'Hitchcock' goes behind the scenes of Hollywood history
But Hopkins' Hitch offers nothing so extreme, aside from gentle leering at his leading ladies' ample assets — still enough to make Alma Hitchcock ("a smart, shrewd lady who had a lot of influence over him," the book praises, in one of few mentions of her) cringe. Feeling overlooked, she begins spending time with the unctuous Whitfield Cook (Danny Huston), a writer who'd worked on Hitchcock's 1951 Strangers on a Train, but whose current project is the shudderingly-titled Taxi to Dubrovnik.
As the film's tagline — "Behind every Psycho is a great woman" — suggests, the relationship between Alma and Hitch is, stubbornly, Hitchcock's main focus. While Mirren is effective (and I'm all for seeing a lady who works hard behind the scenes get recognition), the Whit subplot exists only to shoehorn more conflict into a tale that's got plenty already. We can tell Whit is a sleaze from the moment he appears, but the film insists on having him hang around, lure the attention-starved Alma out to his beach house, etc. If this were a real Hitchcock movie, the ruthless director would've excised this go-nowhere drama from his first-draft storyboards.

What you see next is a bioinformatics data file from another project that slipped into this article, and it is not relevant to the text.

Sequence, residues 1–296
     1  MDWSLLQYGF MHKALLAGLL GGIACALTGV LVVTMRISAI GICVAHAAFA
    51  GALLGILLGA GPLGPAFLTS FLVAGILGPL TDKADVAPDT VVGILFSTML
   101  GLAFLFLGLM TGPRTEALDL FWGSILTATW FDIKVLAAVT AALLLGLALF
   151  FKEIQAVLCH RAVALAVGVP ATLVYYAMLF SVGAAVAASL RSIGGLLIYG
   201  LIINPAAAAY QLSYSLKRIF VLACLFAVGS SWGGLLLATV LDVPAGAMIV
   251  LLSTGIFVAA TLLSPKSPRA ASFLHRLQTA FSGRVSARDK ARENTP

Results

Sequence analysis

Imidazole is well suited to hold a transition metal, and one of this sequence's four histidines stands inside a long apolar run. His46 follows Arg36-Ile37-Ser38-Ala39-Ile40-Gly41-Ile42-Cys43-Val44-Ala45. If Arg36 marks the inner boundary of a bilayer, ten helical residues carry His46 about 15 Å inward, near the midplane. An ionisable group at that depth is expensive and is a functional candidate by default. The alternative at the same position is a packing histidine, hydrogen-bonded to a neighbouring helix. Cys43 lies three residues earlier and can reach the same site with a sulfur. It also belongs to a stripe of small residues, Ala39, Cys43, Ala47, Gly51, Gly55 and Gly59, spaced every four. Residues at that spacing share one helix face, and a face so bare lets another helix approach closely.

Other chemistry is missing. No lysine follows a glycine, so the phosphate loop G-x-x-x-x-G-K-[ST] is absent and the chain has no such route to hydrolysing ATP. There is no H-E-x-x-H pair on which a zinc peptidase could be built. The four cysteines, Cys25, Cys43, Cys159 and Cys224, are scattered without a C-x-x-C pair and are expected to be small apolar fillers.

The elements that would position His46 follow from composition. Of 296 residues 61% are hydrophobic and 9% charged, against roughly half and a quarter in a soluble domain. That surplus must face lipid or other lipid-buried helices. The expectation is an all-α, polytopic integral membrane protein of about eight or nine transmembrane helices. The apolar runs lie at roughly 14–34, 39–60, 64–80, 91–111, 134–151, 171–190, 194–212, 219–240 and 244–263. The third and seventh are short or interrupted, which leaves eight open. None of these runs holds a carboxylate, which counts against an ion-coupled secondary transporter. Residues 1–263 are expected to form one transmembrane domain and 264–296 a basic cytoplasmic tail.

Elsewhere, however, Hitchcock director Sacha Gervasi — making his narrative debut after hit 2008 doc Anvil: The Story of Anvil — shows stylistic flair, working Hitchcock references into the mise-en-scène (lots of birds), and echoing Psycho's themes (Hitch as voyeur, peering through window blinds and peepholes) and symbolism (the first time we see Alma, she's wearing white undergarments, much like our initial glimpse of Marion in Psycho). There are comedic moments that spring from Hitchcock's own dry wit and canny grasp of showmanship, as when he invites the Hollywood press over to his house to discuss his new project — then proceeds to solemnly pass around gruesome Ed Gein crime scene photos. (Gein pops up throughout the film as a kind of Hitchcock inner demon; clever, but the device gets old quickly.) Also nice: Hitch's reaction to the audience's reaction at Psycho's first public screening.
Hopkins, all things considered a pretty obvious casting choice, is 74 — nearly 15 years older than Hitchcock was in 1959 — and is helped along to that famous profile with prosthetics. But his portrayal of the Master renders the great man a likable but flawed artist: still determined to improve his craft after decades in the biz (Psycho was his 47th film); anxious for approval (he finally won an honorary Oscar in 1968); and a consummate professional on-set — but fond of studying hot-young-thing headshots a little too closely in his home office. And while Hitchcock may not best the political biopic that's its current box-office competition, Lincoln (nor will Hopkins likely upset Daniel Day-Lewis on any award-show podiums), it's miles better than another Hopkins-starrer in that vein: 1995's Nixon.
HITCHCOCK opens Fri/23 in Bay Area theaters.
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